The AC drain line is an overlooked but important component, especially with high humidity. It allows the safe disposal of moisture pulled from the air, and can compromise the efficiency of the air conditioner.
How to clean the AC drain line?
Pour a little white vinegar into the T-shaped vent of the drain line. This clears out any mold or algae that is starting to grow inside it. Cleaning the drain line once a month is good.
The air conditioning unit itself needs some amount of temperature regulation in order to perform at maximum efficiency. The indoor components don’t need looking after in this area, but the outdoor ones can be hampered. Most often this damage is by direct sunlight and overgrown shrubbery, in case these are likely to be present.
You can take measures to ensure that the outdoor portion (which often holds key parts like the compressor and condenser) stays cool. Start by making provisions for shade and trimming the shrubs/hedge. This is often enough to prevent humid air surrounding the AC all the time. By doing this, you will also allow the unit to have space for expelling warm air.
Most air conditioners today come with thermostats. In case yours doesn’t have one or has only a very basic one, you should consider getting a thermostat with a wide variety of options. Programmable thermostats will enable your AC to use energy only when you’re in the house or when you are awake and active. This can make a big difference to your air conditioner’s energy efficiency. It also allows you to customize its functions according to your habits. Specifying sleep schedules, timers, and keeping the temperatures only as low as required, will all contribute toward making your AC a more regulated and efficient machine.
It is also important to remember that direct sunlight is almost always a problem for air conditioners. When the sunlight falls directly on the thermostat, it can cause artificially heightened temperature readings and other malfunctions. It’s best to make sure that it’s in the shade.
This depends on the size and shape of your house, as well as the size of the AC or HVAC unit you have. You can use the AC as little as possible while still retaining your desired level of comfort by preventing too much heat from getting into (or, in the winter, getting out of) your house. Insulation is usually placed inside the roof and outer walls, so as to keep the sun and frost out. The less the AC has to work, the better it is for you and your air conditioner.
While retaining the preferred temperature, it is also important to keep the air in circulation; stagnant air comes with its own problems. The proper placement of vents can help circulate the air across the house, but not within each room. For that, use fans (ideally, ceiling fans) to prevent the formation of warmer layers of air, which will require you to switch on the AC more frequently.
The durability of an AC or HVAC unit depends on the durability of its most essential and sensitive parts. A unit with a faulty compressor isn’t going to last long, and a new compressor might cost so much that you’re probably better off buying a new unit altogether. But a faulty thermostat isn’t going to impact durability that much and it’s a quick fix.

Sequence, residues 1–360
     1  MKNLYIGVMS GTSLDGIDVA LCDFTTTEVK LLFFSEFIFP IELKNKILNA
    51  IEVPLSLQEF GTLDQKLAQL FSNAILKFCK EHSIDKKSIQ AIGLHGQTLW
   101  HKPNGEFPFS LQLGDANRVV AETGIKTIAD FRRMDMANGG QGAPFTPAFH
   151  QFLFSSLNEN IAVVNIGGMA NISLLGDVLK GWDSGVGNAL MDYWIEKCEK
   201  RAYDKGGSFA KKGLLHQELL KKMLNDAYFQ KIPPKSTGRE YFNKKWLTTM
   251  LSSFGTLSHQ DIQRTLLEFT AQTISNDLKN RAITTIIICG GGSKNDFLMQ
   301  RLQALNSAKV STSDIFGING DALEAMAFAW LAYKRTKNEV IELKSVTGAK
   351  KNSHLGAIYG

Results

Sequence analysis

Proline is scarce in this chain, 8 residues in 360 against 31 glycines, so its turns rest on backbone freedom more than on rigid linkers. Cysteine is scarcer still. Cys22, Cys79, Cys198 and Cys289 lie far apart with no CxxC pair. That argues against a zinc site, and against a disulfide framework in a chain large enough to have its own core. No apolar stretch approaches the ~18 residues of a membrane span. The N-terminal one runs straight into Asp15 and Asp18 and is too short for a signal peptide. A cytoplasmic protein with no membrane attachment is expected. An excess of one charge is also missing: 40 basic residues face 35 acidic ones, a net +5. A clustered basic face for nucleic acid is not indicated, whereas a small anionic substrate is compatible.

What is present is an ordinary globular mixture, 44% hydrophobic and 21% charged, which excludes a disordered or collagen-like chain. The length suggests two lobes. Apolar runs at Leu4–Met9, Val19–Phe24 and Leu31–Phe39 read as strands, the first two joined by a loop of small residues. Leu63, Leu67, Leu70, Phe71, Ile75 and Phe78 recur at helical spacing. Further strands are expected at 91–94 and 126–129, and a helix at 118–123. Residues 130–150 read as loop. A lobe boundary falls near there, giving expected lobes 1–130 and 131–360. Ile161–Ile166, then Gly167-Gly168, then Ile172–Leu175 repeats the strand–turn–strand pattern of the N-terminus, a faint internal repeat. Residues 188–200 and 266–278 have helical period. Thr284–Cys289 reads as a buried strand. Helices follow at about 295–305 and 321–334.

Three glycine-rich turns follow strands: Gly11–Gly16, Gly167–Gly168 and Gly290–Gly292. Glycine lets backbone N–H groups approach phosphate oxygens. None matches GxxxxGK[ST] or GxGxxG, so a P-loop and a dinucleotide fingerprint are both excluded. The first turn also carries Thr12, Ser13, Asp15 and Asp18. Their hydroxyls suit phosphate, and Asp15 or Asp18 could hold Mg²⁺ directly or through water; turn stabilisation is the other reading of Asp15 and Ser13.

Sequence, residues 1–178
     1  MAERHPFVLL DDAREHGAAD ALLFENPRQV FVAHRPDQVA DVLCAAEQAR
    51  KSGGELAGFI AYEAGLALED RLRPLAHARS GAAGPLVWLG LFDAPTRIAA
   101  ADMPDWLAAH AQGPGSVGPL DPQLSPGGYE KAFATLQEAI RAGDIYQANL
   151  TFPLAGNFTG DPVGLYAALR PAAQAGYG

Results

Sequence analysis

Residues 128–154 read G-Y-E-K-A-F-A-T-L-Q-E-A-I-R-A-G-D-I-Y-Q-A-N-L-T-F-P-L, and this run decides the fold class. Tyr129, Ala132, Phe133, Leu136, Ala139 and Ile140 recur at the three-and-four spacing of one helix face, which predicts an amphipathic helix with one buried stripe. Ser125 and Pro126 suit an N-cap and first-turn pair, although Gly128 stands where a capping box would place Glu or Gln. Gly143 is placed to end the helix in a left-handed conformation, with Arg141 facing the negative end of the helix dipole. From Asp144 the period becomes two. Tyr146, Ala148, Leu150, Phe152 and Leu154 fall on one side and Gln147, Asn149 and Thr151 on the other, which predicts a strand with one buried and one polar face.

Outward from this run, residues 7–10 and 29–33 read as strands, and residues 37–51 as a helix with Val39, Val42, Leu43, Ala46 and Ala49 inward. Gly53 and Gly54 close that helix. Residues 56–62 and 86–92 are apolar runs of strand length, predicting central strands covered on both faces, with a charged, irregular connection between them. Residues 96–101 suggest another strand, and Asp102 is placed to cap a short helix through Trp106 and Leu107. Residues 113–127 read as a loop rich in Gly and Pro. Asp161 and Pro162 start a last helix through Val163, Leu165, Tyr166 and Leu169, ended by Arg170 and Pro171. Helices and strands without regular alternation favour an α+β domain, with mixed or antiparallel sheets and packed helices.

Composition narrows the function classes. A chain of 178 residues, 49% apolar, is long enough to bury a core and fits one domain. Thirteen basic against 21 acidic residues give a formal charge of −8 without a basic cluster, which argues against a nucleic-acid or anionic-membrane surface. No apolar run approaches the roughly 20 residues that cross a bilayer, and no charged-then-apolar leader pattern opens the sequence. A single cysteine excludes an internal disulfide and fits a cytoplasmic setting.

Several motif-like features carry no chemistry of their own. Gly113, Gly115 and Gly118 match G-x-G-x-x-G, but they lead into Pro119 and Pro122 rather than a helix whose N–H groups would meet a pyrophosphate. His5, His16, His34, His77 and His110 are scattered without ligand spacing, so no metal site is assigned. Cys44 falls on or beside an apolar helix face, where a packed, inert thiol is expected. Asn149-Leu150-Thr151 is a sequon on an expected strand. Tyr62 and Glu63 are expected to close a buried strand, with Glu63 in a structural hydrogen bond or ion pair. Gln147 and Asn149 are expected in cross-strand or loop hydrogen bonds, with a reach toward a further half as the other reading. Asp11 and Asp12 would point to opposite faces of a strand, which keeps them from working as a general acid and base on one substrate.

We can manage quick fixes on our own; if you are lucky enough to catch a problem or technical glitch in your AC unit early on, you could even avoid disaster later. However, the older your unit gets, the less chance there is that you will be able to maintain it at a low cost. If you live in a humid coastal area, then the chances are even slimmer. That is why it’s always best to be prepared.
Home warranties are highly recommended with air conditioners. Not only are they offered as part of the standard plan for most of these, but certain components can also be protected if you so wish. A home warranty, unlike home insurance, covers the damage to your property that occurs through routine wear and tear. The home warranty is a service contract, usually lasting up to a year and renewed annually. A service call fee is paid for each visit, beyond which any repairs your system might need can be taken care of at the home warranty company’s expense.
The cost of any major work you do on an air conditioning unit can be surprisingly high. Repairs on major parts like the condenser coil or the compressor can be nearly as expensive as the cost of a new unit. This is definitely true about the outright replacement of these parts. So if you are considering getting a home warranty, be sure to include your air conditioner under that protection. It could greatly help you avert some serious expenditure in future, not only for your HVAC but also for a range of appliances.
Home warranty coverage for AC units is often conditional on the SEER number, so if you have an old unit then you might have to search around a bit for the right warranty plan and a reliable company. Choice Home Warranty, American Home Shield, and First American Home Warranties are some companies which offer a good selection of plans featuring coverage of air conditioners. Consult a professional to know how long each of the major components of the unit has, and make an informed decision accordingly.
If your air conditioning unit is on its last legs, you may be wondering what the average life expectancy of a unit is. The industry standard life expectancy of a centralized air conditioner is said to be 10-15 years, but if properly maintained it could last 20+ years.
Homeowners can pay between $500 and $4,000 for central air conditioning. The final cost will depend on the unit, additional installation items such as ductwork and the professional’s installation rates. Here are some additional factors that will determine the kind of system you will need, as well as its price.
How much energy and money can you save by upgrading from your old air conditioner to a modern, more efficient model? Let’s suppose your older air conditioning system had an AC SEER rating of 9. … That can translate to energy savings up to $300 per year (depending on your usage rate and the cost of electricity).